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On History

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In the final moments of my life, the final seconds between what I know will be the shot that kills me, the shot that will I let kill me, I remember the times in my life when I was given a choice. I find that I know in my heart that I made the wrong decision.

When you sank to your knees and begged me to fight and I refused. When I sent you to your death, alone. And a lifetime ago, when I chose to come to this wretched place knowing you would follow me, you always would, rather than die a nameless death. I chose wrong, again and again.

I know now that I do not care much about the legacy I have left behind. I will not be there to see my name engraved in history, to hear the stories of my labors passed from ear to ear. I could have died a lesser man, tangled in your arms, and I could have been at peace.

And is this not the way of lesser men, to think upon the many failures of their life on the precipice of death? Is it not the duty of greater men to take their place in history without complaint and hope that it will be a memorable one?

But those greater men had never known you, the best of the Myrmidons, my philtatos, my Patroclus.

As my life flies out at me, all at once, I am only comforted in the fact that we will be together soon. There is no world in which you are not a hero, caring for your fellow men as I never could, dying so that they might return home. The blood I have spilled cannot measure up to that which you have saved. I hope that I have done enough, that in some way the mistakes of my life will bring me back to you. I hope Elysium welcomes us both.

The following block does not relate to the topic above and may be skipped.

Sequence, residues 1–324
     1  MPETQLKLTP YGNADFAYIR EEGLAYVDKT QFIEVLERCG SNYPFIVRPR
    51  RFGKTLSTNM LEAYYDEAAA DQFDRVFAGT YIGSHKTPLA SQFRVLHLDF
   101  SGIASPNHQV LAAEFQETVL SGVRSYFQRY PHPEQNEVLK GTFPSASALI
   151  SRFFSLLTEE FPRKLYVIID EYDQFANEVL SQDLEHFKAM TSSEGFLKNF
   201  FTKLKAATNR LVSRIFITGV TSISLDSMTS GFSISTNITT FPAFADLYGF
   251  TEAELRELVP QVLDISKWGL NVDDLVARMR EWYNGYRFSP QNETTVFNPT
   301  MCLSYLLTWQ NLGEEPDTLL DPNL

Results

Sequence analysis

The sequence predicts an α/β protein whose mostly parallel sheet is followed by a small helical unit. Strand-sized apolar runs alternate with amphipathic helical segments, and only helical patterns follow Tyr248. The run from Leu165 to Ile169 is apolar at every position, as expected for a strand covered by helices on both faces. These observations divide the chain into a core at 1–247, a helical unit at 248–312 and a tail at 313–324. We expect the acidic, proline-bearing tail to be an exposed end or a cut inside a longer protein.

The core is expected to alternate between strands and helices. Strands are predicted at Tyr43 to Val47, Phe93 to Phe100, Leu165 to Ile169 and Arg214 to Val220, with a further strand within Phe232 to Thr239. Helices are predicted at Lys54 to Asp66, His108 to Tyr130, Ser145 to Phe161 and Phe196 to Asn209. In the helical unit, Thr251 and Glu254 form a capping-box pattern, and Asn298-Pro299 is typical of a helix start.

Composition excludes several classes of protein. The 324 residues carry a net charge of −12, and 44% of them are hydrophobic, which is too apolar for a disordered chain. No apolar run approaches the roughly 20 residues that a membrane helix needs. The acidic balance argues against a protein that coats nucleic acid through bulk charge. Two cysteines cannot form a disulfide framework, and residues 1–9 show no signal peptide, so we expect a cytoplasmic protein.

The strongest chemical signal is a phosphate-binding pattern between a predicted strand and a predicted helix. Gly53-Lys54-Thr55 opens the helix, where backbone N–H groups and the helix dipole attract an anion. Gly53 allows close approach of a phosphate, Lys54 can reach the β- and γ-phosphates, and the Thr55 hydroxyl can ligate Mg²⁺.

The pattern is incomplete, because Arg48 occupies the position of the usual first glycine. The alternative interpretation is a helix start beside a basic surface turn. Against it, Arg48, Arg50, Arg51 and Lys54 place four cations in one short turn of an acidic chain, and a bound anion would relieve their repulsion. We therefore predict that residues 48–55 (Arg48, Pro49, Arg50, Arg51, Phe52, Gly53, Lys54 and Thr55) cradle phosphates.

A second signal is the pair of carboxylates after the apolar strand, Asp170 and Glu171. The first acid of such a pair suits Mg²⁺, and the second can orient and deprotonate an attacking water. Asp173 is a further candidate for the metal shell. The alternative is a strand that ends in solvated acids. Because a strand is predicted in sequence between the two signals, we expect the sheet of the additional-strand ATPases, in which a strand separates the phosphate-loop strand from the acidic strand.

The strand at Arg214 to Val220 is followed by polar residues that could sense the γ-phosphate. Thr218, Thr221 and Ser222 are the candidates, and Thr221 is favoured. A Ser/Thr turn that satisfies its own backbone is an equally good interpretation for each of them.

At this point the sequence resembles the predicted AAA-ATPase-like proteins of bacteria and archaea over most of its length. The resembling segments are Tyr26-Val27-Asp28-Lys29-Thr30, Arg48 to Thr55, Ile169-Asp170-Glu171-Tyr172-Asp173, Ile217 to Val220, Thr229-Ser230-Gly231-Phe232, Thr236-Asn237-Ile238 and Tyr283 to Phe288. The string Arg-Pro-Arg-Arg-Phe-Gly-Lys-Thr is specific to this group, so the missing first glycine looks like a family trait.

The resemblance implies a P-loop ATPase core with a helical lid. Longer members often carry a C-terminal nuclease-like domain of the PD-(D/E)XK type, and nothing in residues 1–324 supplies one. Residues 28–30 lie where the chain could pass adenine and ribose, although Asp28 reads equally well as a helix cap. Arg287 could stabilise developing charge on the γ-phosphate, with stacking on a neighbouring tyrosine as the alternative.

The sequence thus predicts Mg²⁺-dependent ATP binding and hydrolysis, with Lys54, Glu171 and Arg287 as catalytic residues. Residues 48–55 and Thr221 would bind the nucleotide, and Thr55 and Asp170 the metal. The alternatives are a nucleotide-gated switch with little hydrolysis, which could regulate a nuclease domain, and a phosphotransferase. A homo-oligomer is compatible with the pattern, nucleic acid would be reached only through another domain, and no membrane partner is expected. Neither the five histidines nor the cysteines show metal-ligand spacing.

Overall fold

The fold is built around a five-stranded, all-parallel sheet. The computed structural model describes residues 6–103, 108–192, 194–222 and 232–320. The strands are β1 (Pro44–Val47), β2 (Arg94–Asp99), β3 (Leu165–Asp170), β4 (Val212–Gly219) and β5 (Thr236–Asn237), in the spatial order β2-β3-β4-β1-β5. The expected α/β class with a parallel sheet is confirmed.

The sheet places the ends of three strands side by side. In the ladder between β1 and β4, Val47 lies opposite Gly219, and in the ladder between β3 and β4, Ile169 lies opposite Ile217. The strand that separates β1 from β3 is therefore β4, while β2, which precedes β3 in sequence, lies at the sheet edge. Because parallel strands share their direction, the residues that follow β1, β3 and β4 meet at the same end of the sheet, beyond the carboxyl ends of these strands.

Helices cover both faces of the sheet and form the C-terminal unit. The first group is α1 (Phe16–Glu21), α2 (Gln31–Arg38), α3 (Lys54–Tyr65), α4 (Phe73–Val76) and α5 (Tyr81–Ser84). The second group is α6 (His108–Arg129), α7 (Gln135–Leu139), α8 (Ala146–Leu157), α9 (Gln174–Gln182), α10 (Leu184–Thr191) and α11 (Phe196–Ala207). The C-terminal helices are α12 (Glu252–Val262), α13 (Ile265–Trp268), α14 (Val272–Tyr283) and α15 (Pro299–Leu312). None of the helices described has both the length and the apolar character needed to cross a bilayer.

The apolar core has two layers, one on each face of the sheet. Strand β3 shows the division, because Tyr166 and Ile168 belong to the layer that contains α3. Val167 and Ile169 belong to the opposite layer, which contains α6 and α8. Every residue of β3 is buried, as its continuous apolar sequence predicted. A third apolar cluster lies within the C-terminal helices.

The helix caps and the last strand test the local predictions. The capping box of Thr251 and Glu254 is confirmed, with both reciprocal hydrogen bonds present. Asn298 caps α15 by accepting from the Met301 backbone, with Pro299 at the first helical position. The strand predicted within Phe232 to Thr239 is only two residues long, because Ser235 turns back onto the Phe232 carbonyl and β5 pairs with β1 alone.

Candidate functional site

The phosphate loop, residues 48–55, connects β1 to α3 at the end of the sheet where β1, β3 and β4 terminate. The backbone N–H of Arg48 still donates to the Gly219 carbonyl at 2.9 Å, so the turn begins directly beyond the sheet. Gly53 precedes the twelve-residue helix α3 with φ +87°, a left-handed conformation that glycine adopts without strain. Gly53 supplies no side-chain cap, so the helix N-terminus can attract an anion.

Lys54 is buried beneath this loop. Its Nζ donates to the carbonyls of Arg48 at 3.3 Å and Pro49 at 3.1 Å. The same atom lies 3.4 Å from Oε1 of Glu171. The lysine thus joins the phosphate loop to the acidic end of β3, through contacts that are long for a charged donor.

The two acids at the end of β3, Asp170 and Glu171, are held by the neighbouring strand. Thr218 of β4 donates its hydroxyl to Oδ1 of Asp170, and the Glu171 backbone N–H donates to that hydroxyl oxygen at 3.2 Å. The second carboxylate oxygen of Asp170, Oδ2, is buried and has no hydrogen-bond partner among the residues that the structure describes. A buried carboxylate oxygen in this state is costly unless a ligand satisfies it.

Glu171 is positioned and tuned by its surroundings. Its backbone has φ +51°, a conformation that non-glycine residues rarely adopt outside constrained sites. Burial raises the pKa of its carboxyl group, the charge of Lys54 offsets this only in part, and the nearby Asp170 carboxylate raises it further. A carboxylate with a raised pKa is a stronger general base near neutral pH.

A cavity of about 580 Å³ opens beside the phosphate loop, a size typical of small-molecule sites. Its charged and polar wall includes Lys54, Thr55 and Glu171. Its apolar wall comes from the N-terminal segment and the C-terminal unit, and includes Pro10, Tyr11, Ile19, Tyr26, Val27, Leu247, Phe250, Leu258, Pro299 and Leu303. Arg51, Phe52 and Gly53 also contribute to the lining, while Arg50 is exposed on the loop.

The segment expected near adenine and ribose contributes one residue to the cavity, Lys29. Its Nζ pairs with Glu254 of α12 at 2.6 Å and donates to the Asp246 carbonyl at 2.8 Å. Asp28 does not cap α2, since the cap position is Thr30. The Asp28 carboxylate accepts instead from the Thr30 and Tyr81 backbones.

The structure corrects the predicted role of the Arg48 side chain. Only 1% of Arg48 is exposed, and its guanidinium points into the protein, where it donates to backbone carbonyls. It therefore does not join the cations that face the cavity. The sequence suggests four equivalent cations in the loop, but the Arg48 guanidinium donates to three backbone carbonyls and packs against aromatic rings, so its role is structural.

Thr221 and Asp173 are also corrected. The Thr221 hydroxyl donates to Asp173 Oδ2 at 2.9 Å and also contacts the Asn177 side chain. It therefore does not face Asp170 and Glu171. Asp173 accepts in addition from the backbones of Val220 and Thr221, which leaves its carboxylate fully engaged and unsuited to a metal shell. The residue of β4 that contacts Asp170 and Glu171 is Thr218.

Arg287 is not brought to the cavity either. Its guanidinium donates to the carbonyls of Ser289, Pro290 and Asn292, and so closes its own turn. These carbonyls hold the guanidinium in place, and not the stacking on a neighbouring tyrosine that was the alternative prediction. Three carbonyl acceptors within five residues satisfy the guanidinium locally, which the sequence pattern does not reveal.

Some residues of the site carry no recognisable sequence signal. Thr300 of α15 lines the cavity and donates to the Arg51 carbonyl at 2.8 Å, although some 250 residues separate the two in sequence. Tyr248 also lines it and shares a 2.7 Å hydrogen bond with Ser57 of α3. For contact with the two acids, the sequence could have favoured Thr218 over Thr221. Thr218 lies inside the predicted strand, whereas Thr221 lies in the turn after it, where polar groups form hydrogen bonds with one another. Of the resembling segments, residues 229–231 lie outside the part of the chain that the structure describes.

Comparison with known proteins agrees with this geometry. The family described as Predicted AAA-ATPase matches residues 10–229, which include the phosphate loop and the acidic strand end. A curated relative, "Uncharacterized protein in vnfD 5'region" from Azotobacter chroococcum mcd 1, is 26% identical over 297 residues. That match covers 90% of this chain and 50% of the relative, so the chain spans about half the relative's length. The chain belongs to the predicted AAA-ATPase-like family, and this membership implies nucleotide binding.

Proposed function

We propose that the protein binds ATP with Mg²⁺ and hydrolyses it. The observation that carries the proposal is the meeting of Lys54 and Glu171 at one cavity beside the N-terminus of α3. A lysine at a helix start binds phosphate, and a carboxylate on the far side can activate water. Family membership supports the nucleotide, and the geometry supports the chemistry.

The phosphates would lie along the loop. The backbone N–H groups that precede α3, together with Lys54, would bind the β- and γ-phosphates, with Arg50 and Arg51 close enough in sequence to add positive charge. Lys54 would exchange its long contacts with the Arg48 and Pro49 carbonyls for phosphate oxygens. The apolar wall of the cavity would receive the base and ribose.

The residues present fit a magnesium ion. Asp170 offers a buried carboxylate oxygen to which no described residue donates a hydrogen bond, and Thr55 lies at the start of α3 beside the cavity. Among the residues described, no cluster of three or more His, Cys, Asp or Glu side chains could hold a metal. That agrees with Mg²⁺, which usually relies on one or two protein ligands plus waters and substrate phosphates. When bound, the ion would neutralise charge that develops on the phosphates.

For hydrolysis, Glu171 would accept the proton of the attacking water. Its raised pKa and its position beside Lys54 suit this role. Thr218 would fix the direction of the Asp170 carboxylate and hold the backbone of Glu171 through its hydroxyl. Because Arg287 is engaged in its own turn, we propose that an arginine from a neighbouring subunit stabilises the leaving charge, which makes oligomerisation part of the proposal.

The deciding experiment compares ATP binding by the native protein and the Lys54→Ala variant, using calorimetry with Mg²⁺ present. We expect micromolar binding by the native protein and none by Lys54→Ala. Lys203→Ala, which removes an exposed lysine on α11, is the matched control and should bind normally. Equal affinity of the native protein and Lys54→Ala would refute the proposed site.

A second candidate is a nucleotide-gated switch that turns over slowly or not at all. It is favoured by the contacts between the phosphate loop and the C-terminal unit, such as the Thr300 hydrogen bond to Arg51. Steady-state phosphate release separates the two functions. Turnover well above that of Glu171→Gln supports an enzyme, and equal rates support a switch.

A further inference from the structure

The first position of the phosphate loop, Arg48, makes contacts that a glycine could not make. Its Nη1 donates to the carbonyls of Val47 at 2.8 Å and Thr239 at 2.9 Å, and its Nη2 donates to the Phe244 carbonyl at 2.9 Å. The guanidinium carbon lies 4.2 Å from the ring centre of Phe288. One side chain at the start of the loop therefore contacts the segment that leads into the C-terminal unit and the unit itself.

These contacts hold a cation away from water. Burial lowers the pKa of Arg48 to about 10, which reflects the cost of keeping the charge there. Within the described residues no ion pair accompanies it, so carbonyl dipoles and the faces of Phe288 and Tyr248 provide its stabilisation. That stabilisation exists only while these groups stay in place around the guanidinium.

I do not care that my name is written in history, just that it is carved in marble next to yours. I fall, and I smile.




When we meet again, so much time has passed and none at all. More men have come, telling tales of a war I loathe. I am surrounded by the faces of heroes I have heard in stories, but not the one face for which I have searched every edge of the field.

You come up behind me, placing long fingers on my shoulder. I do not see you nor hear you, but I know with every piece of my being that the touch is yours. A furious burst of light bursts forth, beating and burning, then gone just as quickly as it came. I turn.

“Achilles?” you say, a trace of breathlessness in your voice despite not drawing a true breath in a long, long time.

“Patroclus,” I say, your name filling my mouth. Your eyes are brighter and more beautiful than the sun.

And at once, we collided.



In the evening, when the orange becomes black and the stars glow into being, I can feel you there with me. I can feel you dragging your fingers through the air as you point to the dots that form Pegasus, then Andromeda. I can feel the coolness of the cave, the warmth of the pallet, of you. I can feel your eyes on me, all too aware of the mere hair widths between us, then no distance at all. And I can feel your lips, your touch, your life, as we were for us and us alone.